These programs give the long-troubled SWC—every member except Rice has been disciplined by the NCAA in one sport or another since '83—something to shoot for. "We have taken all this to heart," says Banowsky, who maintains that the report's figures reflect a time "when athletics were more of a priority than academics. Academics are now a priority with us. Before we were ignorant."
—DOUGLAS S. LOONEY
When baseball commissioner Fay Vincent was asked last week if he would seek reelection when his term expires on March 31,1994, he replied, "Would you think someone in my position would do this again?"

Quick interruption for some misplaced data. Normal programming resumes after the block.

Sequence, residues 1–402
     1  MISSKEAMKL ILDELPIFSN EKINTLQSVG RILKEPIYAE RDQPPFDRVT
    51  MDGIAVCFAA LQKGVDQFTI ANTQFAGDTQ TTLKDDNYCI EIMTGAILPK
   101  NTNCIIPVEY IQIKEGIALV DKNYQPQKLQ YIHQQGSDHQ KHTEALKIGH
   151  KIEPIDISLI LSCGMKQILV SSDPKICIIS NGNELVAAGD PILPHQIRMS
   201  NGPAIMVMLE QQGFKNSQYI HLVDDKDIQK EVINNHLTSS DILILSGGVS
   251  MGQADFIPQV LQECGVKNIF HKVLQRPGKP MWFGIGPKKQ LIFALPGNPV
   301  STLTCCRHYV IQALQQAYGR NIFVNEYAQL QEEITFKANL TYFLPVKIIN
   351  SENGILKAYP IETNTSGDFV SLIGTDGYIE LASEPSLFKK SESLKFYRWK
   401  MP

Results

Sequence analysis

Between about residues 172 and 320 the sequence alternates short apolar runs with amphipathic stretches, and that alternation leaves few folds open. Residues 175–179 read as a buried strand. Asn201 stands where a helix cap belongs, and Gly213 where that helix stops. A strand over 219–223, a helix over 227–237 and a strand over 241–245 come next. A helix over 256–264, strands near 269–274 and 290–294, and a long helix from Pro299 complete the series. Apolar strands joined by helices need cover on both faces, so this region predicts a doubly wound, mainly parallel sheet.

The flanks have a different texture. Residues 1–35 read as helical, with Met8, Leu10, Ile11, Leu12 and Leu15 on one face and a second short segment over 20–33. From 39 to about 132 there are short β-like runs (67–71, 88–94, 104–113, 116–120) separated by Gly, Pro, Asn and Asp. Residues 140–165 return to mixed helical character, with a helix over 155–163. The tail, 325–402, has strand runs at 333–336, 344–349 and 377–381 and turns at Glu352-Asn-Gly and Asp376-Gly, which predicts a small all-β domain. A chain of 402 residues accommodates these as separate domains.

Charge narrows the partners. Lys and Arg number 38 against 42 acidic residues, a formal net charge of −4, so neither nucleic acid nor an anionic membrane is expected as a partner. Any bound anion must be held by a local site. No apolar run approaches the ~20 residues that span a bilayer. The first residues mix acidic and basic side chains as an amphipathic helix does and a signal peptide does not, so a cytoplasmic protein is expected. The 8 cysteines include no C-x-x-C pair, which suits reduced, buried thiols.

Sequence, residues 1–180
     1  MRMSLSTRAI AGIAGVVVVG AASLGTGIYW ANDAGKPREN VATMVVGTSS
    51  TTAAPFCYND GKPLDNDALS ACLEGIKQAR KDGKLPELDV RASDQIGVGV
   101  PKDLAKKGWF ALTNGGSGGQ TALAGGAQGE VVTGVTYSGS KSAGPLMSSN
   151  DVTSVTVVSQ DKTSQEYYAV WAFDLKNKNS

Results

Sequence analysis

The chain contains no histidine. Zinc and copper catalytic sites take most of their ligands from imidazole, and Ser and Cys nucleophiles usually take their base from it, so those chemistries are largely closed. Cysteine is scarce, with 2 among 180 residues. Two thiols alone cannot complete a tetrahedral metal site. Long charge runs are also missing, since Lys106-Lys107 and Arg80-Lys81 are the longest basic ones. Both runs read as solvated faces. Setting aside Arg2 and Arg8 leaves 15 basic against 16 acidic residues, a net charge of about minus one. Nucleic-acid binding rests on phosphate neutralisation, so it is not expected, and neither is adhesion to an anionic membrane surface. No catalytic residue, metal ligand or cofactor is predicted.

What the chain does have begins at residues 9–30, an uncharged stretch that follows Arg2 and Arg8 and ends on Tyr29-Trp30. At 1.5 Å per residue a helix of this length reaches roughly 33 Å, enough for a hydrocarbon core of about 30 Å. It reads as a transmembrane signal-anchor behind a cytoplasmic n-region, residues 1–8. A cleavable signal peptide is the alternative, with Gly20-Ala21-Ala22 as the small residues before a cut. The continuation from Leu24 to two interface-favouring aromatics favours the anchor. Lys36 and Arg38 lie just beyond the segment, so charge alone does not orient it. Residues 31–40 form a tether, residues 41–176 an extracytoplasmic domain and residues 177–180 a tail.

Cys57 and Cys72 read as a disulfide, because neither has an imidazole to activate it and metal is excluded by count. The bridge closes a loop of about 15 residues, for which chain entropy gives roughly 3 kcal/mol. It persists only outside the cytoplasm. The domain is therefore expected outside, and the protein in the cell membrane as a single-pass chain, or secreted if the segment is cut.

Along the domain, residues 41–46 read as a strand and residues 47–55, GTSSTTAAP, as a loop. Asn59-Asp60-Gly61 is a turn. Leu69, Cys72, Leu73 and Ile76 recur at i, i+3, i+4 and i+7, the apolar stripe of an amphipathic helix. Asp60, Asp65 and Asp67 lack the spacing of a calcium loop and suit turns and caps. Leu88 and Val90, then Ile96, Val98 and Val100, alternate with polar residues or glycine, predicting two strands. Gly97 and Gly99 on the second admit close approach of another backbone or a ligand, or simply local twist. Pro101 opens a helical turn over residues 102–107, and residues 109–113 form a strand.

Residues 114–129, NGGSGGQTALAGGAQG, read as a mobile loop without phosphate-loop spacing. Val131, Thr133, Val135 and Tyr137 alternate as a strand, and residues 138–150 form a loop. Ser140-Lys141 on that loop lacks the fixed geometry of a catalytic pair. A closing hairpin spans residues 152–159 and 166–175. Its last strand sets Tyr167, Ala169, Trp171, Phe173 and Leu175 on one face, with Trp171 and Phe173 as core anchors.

The "this" Vincent referred to is the vitriolic reaction of several owners to rulings he has made over the last few years, among them eminently sensible decisions to suspend New York Yankee owner George Steinbrenner and Yankee pitcher Steve Howe and to realign the National League.
Some people in baseball think Vincent's slide into unpopularity can be traced to another of his decisions. In February 1991 the board of directors of the Hall of Fame, under pressure from Vincent, voted to make anyone banned from baseball ineligible for election to Cooperstown. This prevented Pete Rose from being considered for induction. Many baseball writers, even those who shared Vincent's feelings that Rose should not be in the Hall, thought that the decision should have been left to the Baseball Writers Association of America, the group that votes on Hall of Fame nominations. Some of those writers have resented Vincent ever since and, this theory goes, have been more than willing to give his opponents a forum.